The Economic Survey 2011-12 reveals that estimated cost of power crisis to the country””s economy is approximately Rs 380 billion per annum which is around 2 per cent of GDP.
Electricity installed capacity has declined to 22300 MW in 2011-12 from 22500 MW in 2010-11 which apparently appears incorrect however no reasons for the decline have been mentioned in the Economic Survey. According to Wapda, the installed capacity in the Pepco system is 20,986 MW as of June 2011 with hydro 66 27 MW and thermal 14,359 MW. Hydropower accounts for 31.6 per cent, thermal 65.3 per cent and nuclear 3.1 per cent. 650 MW rental power is also included in the total capacity, which is now quashed by the Supreme Court of Pakistan. The cost of subsidies given to the power sector to the exchequer in the last four years (2008-2012) is almost 2.5 percent of GDP, (Rs 1100 billion). The liquidity crunch in the power sector has resulted in under utilisation of installed capacity of up to 4000MW. It has also affected investment in power sector.
During 2011-12, energy outages in Pakistan continued to be the dominant constraint in its growth. Yet traces of energy supply shortages can be traced to the independence of the country, the Survey argues. Till the 1980s less than two-third of the energy requirements were met through its own domestic resources. In the 1990s Pakistan was still engaged in various efforts to bridge the wide gap between increasing demand and limited energy supply. Further in the early 2000s, the energy sector (especially its sub sector electricity) received greater attention because of the faster rate of growth in its demand. By 2011-12, electricity and gas shortages are considered to be the primary cause of constrained production activities in a number of industries. Energy intensive industries (petroleum, iron and steel, engineering industries and electrical) shaved off 0.2 percentage points from real GDP growth in 2010-11 and in 2011-12.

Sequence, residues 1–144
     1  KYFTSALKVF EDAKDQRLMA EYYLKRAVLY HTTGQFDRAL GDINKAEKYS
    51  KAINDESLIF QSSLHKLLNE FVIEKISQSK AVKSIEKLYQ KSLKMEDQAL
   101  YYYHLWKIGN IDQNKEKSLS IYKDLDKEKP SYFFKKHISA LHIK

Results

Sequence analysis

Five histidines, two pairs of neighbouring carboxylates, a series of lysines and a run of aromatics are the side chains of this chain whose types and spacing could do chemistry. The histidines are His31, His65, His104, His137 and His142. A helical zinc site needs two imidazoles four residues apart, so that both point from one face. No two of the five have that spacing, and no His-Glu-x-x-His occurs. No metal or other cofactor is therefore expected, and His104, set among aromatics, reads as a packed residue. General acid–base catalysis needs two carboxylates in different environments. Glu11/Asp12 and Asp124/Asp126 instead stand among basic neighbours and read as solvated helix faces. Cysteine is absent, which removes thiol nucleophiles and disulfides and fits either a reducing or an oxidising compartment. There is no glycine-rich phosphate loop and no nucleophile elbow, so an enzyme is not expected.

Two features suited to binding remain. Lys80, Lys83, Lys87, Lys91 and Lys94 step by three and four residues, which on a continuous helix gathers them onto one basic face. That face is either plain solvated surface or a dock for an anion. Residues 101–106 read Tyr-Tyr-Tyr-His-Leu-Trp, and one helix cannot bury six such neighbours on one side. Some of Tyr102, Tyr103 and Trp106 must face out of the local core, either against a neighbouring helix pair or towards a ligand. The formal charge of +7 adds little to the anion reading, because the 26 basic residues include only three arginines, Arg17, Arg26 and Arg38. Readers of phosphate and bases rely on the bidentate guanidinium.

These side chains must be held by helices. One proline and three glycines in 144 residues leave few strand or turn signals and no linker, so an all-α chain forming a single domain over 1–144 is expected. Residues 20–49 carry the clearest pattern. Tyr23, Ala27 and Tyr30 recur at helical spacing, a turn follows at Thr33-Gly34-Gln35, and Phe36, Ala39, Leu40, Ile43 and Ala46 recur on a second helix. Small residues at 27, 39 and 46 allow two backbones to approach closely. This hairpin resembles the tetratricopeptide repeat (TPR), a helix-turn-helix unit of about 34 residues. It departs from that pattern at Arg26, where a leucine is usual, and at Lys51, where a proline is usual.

The main hurdle in the supply of energy was accumulation of massive circular debt. The major problems which cause accumulation of circular debt were the partial transfer of tariff as determined by the Nepra, heavy line losses, almost 20 per cent, incomplete corporatisation, weak governance and costly fuel mix putting an extra financial burden on meeting the cost of fuel oil due to constant increase in oil prices etc. Economic Survey further said the government has transferred bank loan liabilities of Rs 216 billion as of June 30, 2009 and Rs 85.114 billion from the books of power companies and placed these amounts with PHPL in November, 2011. The government has repaid these loans to the bank along with mark up. -Brecorder